Asking the right interview questions can help you sniff out the bad bosses no one wants to suffer.
This is a guest post by Andrew Rondeau. If you’d also like to guest post here on JobMob, follow these guest post guidelines.
You have been invited to attend an interview. You have been waiting a long time for this one. This could be the perfect job. The company has a great brand and future and the vacancy sounds great as well. Good pay, great prospects, great perks. This is the job to die for. You can see yourself in the job and your career finally taking off.
The big day arrives
You have all the answers ready with all the examples, you look great, are well groomed and your clothes are sharp (that recent shopping trip will be worth it). You are feeling confident and fully prepared.
But are you?
The relationship between managers and direct reports is the number one factor in morale, productivity and retention of high performers. One thing which causes high stress in individuals at work is the management style of their boss. You get use to the pay, the perks and the prospects, but they become very insignificant if your boss is a bad manager.
You do not get used to bad managers, especially very bad ones.
How do you define a ‘bad’ manager?
We all have different definitions for the term ‘bad’. Some may say their managers are bad because ‘I never get any praise’, others may say it’s ‘because you never see them and they don’t communicate’ or because ‘He is so arrogant, always believing he is right and everyone else is wrong’.
Much has been written about the habits or traits of bad managers, but how do you tell if your prospective boss is ‘bad’?
You are just about to be interviewed for the job of your life, but how do you know whether you want to work for the individual (assuming they will be your boss). You have to remember that interviews are a two-way process, as much for the potential employees benefit, as for the employer.
The interview begins
The time for the interview has arrived. The interviewer (the prospective manager), meets you in the glamorous reception 30 minutes late and the handshake is weak and clammy and no apology is forthcoming for them being late.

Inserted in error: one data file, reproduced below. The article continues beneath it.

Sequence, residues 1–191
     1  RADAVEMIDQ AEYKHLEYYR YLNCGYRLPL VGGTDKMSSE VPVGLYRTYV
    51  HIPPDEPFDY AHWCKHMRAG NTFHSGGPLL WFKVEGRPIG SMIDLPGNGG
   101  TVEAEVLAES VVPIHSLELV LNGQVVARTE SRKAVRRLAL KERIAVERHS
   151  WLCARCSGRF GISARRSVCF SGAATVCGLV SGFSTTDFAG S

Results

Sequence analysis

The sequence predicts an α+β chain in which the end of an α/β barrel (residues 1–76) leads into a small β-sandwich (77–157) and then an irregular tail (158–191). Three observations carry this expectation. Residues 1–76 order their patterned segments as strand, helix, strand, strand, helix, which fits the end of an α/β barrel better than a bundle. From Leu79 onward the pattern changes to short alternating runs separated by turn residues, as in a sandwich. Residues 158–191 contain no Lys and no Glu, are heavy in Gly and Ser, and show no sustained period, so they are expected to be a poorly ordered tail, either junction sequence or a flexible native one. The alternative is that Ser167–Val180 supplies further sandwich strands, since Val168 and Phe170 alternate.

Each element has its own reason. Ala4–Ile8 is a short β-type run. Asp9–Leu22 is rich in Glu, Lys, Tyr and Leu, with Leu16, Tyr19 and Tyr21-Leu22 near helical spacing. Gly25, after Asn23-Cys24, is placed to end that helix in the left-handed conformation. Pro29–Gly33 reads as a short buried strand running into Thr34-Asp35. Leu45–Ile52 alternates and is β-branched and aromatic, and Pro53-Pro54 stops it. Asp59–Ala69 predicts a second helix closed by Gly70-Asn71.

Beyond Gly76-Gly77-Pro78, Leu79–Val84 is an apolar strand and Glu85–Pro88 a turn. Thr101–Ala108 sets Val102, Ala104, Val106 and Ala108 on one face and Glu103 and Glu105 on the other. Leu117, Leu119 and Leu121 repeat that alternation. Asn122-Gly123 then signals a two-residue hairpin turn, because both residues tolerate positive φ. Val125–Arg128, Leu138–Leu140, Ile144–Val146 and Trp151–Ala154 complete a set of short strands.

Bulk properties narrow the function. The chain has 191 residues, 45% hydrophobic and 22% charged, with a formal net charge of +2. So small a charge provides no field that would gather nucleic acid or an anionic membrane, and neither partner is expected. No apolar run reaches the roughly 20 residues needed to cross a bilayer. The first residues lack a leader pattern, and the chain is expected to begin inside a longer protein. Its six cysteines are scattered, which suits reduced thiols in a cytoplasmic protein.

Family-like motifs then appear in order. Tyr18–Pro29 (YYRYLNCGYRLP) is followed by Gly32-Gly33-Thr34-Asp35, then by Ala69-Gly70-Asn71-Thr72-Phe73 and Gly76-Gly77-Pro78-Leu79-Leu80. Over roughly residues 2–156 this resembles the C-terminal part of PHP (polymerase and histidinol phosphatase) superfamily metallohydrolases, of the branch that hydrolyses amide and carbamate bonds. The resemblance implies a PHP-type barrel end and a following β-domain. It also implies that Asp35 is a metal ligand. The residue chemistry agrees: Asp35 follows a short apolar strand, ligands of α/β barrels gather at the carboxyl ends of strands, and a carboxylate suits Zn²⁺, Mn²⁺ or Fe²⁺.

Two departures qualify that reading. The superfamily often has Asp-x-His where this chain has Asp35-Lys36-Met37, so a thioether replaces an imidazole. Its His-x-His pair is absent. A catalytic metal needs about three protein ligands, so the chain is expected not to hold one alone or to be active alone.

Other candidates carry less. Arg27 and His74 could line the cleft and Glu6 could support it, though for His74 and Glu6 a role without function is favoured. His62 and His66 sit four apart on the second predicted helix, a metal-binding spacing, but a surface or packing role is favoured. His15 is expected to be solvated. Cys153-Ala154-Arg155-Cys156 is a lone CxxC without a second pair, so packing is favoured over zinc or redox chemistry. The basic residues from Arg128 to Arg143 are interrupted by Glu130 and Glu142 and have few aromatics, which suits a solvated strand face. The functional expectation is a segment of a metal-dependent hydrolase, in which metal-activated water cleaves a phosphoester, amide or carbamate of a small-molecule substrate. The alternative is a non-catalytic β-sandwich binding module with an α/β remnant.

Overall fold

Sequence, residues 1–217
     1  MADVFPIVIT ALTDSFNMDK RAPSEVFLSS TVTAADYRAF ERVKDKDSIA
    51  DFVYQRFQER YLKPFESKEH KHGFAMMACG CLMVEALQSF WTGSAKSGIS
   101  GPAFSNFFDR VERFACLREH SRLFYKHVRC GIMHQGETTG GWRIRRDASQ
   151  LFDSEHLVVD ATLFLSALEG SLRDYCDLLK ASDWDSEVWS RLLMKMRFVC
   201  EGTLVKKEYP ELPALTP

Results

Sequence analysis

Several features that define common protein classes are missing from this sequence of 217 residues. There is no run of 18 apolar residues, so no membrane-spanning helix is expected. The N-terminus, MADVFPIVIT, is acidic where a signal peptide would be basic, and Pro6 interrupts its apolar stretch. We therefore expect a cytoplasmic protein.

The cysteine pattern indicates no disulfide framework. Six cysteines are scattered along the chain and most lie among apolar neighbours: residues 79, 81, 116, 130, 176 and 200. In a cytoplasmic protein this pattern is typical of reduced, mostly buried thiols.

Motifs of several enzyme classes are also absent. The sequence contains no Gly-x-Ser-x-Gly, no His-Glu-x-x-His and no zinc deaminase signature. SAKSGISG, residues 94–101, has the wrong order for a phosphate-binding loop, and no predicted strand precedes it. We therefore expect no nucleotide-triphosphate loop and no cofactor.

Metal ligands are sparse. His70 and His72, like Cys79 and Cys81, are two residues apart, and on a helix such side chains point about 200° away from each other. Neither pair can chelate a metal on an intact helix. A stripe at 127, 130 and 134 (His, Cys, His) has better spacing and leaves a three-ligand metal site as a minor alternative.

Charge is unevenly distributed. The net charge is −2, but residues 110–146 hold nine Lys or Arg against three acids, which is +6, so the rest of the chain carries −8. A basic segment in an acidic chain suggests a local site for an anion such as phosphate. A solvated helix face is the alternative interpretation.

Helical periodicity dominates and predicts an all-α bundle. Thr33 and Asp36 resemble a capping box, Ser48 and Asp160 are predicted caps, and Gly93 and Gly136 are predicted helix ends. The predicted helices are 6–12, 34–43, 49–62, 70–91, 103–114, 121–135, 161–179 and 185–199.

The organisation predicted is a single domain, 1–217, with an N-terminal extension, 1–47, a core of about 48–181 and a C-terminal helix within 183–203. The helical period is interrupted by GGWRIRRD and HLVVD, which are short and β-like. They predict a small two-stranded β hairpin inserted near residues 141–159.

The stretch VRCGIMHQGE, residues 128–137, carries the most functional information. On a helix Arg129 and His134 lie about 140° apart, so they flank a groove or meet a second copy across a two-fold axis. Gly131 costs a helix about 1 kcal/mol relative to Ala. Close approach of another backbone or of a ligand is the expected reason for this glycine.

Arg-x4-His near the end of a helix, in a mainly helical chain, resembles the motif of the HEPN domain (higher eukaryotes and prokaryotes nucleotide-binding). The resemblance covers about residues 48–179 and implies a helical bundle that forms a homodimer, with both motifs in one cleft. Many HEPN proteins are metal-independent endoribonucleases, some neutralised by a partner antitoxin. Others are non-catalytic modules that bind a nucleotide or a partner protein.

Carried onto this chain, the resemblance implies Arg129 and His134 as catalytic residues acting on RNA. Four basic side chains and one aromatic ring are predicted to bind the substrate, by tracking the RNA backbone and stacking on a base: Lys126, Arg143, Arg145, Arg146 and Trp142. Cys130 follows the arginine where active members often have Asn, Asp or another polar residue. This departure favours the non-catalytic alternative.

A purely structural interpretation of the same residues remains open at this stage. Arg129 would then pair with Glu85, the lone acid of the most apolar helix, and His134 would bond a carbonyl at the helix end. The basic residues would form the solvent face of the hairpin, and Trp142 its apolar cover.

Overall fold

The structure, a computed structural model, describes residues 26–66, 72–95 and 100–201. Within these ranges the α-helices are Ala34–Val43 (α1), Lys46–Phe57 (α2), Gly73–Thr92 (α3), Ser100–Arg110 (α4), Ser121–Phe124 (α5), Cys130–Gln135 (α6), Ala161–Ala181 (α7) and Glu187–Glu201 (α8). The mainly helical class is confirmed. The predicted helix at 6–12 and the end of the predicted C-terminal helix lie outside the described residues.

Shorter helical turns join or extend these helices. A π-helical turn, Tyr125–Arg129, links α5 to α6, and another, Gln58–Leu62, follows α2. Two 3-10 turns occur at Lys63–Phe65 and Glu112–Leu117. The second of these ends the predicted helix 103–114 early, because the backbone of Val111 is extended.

In silence, they lead you to the interview room which is a few minutes walk from the reception and there is no offer of a drink.
Their business mobile phone goes off. It is a friend, well you assume it is because they has a five-minute conversation about last nights TV, with quite a lot of swearing going on throughout.
You are thinking this is a test, isn’t it? ‘They are seeing how I am going to react’. It’s not, this is how they are.
The interview eventually starts late. Standard questions are fired at you, with no eye contact taking place. They don’t even look at you when you are talking, just look down whilst taking a few notes.
Your gut is telling you something; this is not the job for you. However you decide to give them the benefit of the doubt, as they might just be having a bad day and this isn’t how they really are.
Now it is your turn to ask questions. How are you going to know if they are a great, or at least a good manager? Here are some important questions you need to ask to find out.
6 ways to test your next boss
Ask them what their management style is?
Are they silent? Do they have to think about it? Are they vague? Do they mention words like ‘supportive, approachable or decision maker’?
Ask them when they last took forward an employee suggestion or idea?
Are they struggling in their answer? Is the example worthy of a great manager? Bad managers don’t follow up on employee ideas. If they do provide a worthy answer, it shows they are supportive, approachable and they listen. A great manager removes all obstacles to help their staff do the best job possible.
Ask them when they last praised an employee or team and why?
If they haven’t ever done this then be wary. Bad managers withhold praise. One of the biggest staff motivators is praise from their manager.
Ask them for their opinion on individual development and training?
Have you ever been denied a professional development opportunity, because your own manager said that it would take too much time away from work? Is that why you are thinking of moving roles? Bad managers ignore professional growth needs, whilst great managers support their staff’s development.
Ask them when they asked for feedback on their management style and what were the results?
A good manager will always be looking to improve their performance and style and one of the best ways to do this, is to ask their staff for feedback. If they have asked for this feedback, ask how have they used it to improve their style?
Ask for their views on delegation. How do they delegate? Do they delegate? Do they micro-manage?
Great managers build trust in their staff. A quick and easy way to do this is to delegate pieces of work, which uses and exploits individuals’ strengths, all with the right level of control.
Just remember the interview is two-way. You are interviewing your manager and the company as well as them interviewing you. You can ask any questions you want and if you ask the right ones, you won’t end up working for an incompetent and bad manager and your career won’t suffer.
About the author
Andrew Rondeau has built an online community to eliminate the loneliness and fear of being a manager. You can find out how to simply and easily become a great manager by using proven management and career tips at his free website GreatManagement.org. You can also get his free email Management Course and Report.
Question of the article
Have you ever left an interview saying to yourself “if they don’t call me, I won’t miss anything”?
-- Jacob Share